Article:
In pursuit of military modernisation, India has expanded the scope and range of its defence and strategic cooperation even with countries that are geographically poles apart. Indo-French defence cooperation is one instance of India’s growing strategic partnerships which have significantly undermined the regional security environment of the entire South Asian region.
Indo-French defence cooperation gained new momentum when, in 2016, the Modi government signed a murky deal with France for the sale of 36 Rafale medium multi-role combat aircraft (MMRCA). The deal came under immense political scrutiny within India where opposition parties accused the government of having overpaid for the combat jets and of promoting crony capitalism. Under the agreement, France’s Dassault Aviation agreed to invest 50 percent of the 7.8 billion euro Rafale contract in India to manufacture aircraft components with Indian billionaire Anil Ambani’s Reliance Defense; Ambani is known to be a close friend of PM Modi.
Despite the severity of the Rafale controversy in India, France’s supply of the assault jet that the French Air Force successfully used to rehearse a nuclear strike mission, is dangerous and worrisome. According to the military sources, “France tested all phases of a nuclear strike with an 11-hour mission that saw a Rafale fighter jet refuel and fire an unarmed missile capable of carrying a nuclear warhead.” The sale to India ticks all criteria for fueling regional tensions, particularly with Pakistan. Despite the fact, France has a better understanding of the fragility of South Asian dynamics, its decision to sell is not only unprecedented but also fuels the regional arms race.
Ironically, in a similar situation, France cancelled the Mistral deal with Russia as a result of immense pressure from its European allies, including Poland and other East-European NATO members. According to a transcript from the French Senate’s International Affairs Committee, “Eastern European NATO member states have put “significant pressure” to scrap the USD$ 1.3 billion deal with Russia.” The Mistral is the French Navy’s new 21,300t amphibious assault, command and power projection ship with a payload capacity and the versatility to carry up to 16 heavy helicopters as well as one-third of a mechanised regiment. One wonders how the long-cherished “principle and terms of the purchase” that actually allowed France to scrap this deal with Russia, lost relevance while selling nuclear-capable jets to India. It also leads us to the question of what kind of end-user agreement France has attached with the Rafale sale; and what if India, under its ‘Make in India’ plan, replicates Rafale technology and exports it to other states that threaten France’s security in the future?
France’s sale of Rafale jets to India would not be just another piece of military gear for the Indian Air Force (IAF). Instead, it would constitute the acquisition of a state-of-the-art combat weapon to a militarily revisionist state.
South Asia is considered to be one of the most volatile regions of the world. Strategic communities around the world are unanimous in their views that India and Pakistan’s violent relationship has the potential to trigger a nuclear war; more importantly, the massive influx of deadly weapons in the region without taking care of regional anxiety is worrisome. Unfortunately, France has become a direct party in fueling regional tensions with this transaction.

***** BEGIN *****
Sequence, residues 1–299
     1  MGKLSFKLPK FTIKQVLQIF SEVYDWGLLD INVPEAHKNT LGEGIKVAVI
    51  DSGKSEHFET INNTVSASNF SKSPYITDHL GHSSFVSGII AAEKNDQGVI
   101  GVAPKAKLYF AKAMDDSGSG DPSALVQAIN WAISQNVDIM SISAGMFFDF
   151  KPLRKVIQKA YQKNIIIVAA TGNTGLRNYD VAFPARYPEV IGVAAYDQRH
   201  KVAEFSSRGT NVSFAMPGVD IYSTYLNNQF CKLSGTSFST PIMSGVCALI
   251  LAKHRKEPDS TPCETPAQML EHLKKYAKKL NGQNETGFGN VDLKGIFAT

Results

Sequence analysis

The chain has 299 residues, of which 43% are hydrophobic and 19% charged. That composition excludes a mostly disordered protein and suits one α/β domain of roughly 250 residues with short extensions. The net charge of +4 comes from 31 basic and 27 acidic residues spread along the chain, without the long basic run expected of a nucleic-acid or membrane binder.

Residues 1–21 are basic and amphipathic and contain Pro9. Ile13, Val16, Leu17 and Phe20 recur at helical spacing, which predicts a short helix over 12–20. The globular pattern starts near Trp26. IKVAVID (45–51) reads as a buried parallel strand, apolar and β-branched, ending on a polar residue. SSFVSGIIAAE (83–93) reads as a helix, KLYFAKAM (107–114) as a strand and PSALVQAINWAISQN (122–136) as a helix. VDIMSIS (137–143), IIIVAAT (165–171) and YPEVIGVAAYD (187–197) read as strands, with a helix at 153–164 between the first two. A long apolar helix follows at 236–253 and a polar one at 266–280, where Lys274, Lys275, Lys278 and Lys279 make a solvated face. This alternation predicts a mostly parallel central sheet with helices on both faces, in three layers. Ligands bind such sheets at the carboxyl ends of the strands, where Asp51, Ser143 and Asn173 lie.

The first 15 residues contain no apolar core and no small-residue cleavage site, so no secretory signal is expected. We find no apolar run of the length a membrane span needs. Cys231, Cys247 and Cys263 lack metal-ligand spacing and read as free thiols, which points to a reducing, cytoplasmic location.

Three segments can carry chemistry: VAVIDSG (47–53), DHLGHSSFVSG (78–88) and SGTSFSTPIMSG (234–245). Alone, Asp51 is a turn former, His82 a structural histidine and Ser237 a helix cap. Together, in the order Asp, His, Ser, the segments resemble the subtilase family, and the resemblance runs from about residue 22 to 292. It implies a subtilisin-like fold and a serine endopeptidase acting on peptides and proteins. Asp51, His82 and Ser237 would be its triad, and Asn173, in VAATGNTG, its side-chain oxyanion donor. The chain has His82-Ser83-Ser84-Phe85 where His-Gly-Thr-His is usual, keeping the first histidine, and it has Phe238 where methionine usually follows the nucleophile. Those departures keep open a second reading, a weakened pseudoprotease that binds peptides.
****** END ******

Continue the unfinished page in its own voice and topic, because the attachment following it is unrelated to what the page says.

Unfortunately, France’s defence cooperation with India is not limited to fighter jets. Both countries have extended their defence partnership to the maritime domain. The Indian defence ministry has already awarded the French Shipbuilder Naval Group a $4.16 billion contract for the construction of six Scorpene-class (Kalvari-class) SSKs in partnership with Mazagon Dock Limited (MDL). The French Defence Minister termed naval cooperation with India as a “shining illustration of the exemplary nature of our technological and industrial cooperation.”
French cooperation with India in multiple domains of defence may be driven by the lucrative Indian market, but its regional ramifications are disastrous in the long run. India, under the Modi rule, is emerging as a revisionist power, which in itself is a real threat for global peace. In this regard, France must consider the regional security environment before selling the latest military equipment to India, as hostilities and regional anxieties have directly been affected by the defence deal for economic gains. If France can even scrap a whole defence deal to address its European allies’ concerns, it is also plausible to consider Pakistan’s security concerns with respect to French weaponry in Indian arsenal. France must accept the fact that Pakistan will bear the brunt for this latest French-manufactured war-machinery provided to India. Unlike other regions, South Asia is considered to be a nuclear flashpoint, and France’s contribution to the Indian defence forces is virtually leading the region towards more instability and brinkmanship. Therefore, as a member of the civilised world community, France must re-think before selling jets to India which have the potential to carry nuclear missiles.
Muhammad Shakir Baacha is a former Research Fellow of South Asian Strategic Stability Institute (SASSI) University Islamabad. He is a graduate from department Strategic and Nuclear Studies, National Defense University Islamabad. His areas of interests include Arms Control & Disarmament, Nonproliferation of WMDs, and Nuclear Discourse in South Asia.
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